Morgan cars evoke an image of speeding down English country lanes with the wind in your face while admiring the walnut dashboard. So it may come as a surprise that this quintessentially English handmade sports car is proving popular in Asia.
In these days of big global car brands and automated production lines, it’s heartening to know that a small, independent car manufacturer like Morgan can survive in its base in sleepy Malvern, located in the west of England. Not just survive, but flourish as discerning motorists join the long waiting list for a cherished Morgan roadster, coupé or even its head-turning 3 Wheeler.
Morgan cars are part of a rich British sports car heritage that includes classic names such as MG, Aston Martin, Jaguar and Triumph. But the Morgan brand, which has been in existence for more than 100 years, hasn’t fallen into foreign hands or gone bust like the others, and remains the last British independently owned carmaker. Well-known brands like Land Rover and Jaguar are now owned by India’s Tata Motors, while Mini and the Rolls-Royce brand are in the hands of Germany’s BMW group.
One of the reasons for Morgan’s resilience is that its cars are so unique there’s nothing else like them on the road. This is the goal of any small carmaker if it wants to prosper, and Morgan definitely achieves that.
While the cars have always had international appeal, particularly in America, they have not been big sellers in Asia. But that looks set to change as the region’s growing army of high-net-worths start looking for character-defining brands outside the mainstream luxury sports car marques that include Ferrari, Porsche and Lamborghini.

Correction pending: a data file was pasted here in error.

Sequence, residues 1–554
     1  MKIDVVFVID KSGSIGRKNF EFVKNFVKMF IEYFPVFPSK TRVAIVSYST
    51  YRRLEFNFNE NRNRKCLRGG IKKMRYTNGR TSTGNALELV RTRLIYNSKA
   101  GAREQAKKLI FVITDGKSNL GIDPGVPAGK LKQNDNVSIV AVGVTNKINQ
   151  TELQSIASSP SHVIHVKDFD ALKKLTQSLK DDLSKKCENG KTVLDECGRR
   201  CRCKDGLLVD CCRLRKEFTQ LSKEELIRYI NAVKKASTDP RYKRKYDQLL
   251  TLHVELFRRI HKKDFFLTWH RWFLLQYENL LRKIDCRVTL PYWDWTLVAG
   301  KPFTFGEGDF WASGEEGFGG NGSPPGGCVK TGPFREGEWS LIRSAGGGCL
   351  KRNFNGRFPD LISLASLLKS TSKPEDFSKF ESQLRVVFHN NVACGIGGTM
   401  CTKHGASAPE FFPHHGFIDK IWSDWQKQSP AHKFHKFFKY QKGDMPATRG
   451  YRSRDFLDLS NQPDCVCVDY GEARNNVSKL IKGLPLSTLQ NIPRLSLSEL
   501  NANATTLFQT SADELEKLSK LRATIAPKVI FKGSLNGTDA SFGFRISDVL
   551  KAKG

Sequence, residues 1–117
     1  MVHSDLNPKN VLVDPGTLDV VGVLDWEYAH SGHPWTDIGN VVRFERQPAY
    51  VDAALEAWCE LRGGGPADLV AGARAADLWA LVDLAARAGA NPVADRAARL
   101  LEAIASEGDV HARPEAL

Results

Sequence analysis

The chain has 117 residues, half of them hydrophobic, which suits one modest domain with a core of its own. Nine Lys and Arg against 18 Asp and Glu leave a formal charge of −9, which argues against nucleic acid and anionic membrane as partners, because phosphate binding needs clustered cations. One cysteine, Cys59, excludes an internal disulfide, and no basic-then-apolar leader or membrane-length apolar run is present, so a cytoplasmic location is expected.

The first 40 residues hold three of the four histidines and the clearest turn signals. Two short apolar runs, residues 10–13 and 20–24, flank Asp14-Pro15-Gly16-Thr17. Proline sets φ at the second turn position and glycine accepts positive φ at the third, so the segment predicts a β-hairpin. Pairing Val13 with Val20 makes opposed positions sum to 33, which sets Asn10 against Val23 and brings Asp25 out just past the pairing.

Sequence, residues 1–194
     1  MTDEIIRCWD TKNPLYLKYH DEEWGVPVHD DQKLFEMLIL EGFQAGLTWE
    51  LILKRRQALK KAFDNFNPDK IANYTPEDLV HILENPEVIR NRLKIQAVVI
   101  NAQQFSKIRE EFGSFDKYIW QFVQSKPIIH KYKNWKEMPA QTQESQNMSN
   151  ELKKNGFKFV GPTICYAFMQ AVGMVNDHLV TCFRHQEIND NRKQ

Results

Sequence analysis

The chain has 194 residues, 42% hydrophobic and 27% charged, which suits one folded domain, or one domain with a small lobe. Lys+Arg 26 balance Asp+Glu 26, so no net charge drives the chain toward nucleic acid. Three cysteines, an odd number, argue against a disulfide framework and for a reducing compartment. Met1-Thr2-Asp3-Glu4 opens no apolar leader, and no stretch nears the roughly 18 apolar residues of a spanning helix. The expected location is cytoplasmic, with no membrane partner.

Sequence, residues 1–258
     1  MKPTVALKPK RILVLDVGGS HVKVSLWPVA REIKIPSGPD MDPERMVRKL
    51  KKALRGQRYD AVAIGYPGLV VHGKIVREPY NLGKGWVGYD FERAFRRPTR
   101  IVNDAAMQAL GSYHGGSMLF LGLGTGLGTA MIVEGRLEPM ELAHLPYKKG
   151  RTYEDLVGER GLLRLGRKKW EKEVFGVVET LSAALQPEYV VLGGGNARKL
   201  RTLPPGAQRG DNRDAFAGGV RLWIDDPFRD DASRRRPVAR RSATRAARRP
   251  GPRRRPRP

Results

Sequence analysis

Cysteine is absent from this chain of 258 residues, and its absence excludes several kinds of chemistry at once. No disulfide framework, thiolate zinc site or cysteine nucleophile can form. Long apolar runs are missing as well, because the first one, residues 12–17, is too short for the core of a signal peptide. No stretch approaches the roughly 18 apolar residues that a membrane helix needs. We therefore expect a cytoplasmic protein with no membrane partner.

Charles Morgan, the grandson of founder Henry, is managing director of the company that bears his family name, and China is now firmly on his radar as huge personal wealth is created alongside its impressive economic growth. Affluent Chinese are now looking to emulate the rich lifestyles of the West, developing a love for fine wines, super yachts and vintage cars.
“Morgans tend to be bought by people who want to have fun in a car, who like tradition and for whom the appeal of something handmade is important,” he says.
“The very British-ness of the car also draws people to the brand. We have a real history built over 100 years and people love that whether they are in LA or Shanghai.”
Morgan is a family business in every sense of the word. Not only did founder Henry Morgan pass the company onto his son Peter, who handed it over to Charles, but many in the workforce are sons and grandsons of previous Morgan employees. Having met Charles during his recent trip to Asia, he has an infectious enthusiasm for the cars as they are literally in his blood. His passion runs so deep that last year he and his wife Kiera drove a Morgan 3 Wheeler across America as part of the gruelling Gumball Rally.
The entire range is proving popular in China with Plus 8s, Roadsters, Plus 4s and a Coupé already snapped up by eager Morgan aficionados. Jim James, managing director of Morgan’s Beijing dealership, says the Classic range, such as the Roadster appeals to the more mature buyer in China. The Roadster 3.7 contains a powerful Ford Cyclone six-cylinder engine which gives it plenty of kick. (Morgan doesn’t make its own engines but carefully selects the best one for each model from trusted global manufacturers.) Weighing just 950kg, thanks to its aluminium body, which is a third of the weight of steel, it makes the Roadster’s ride even faster.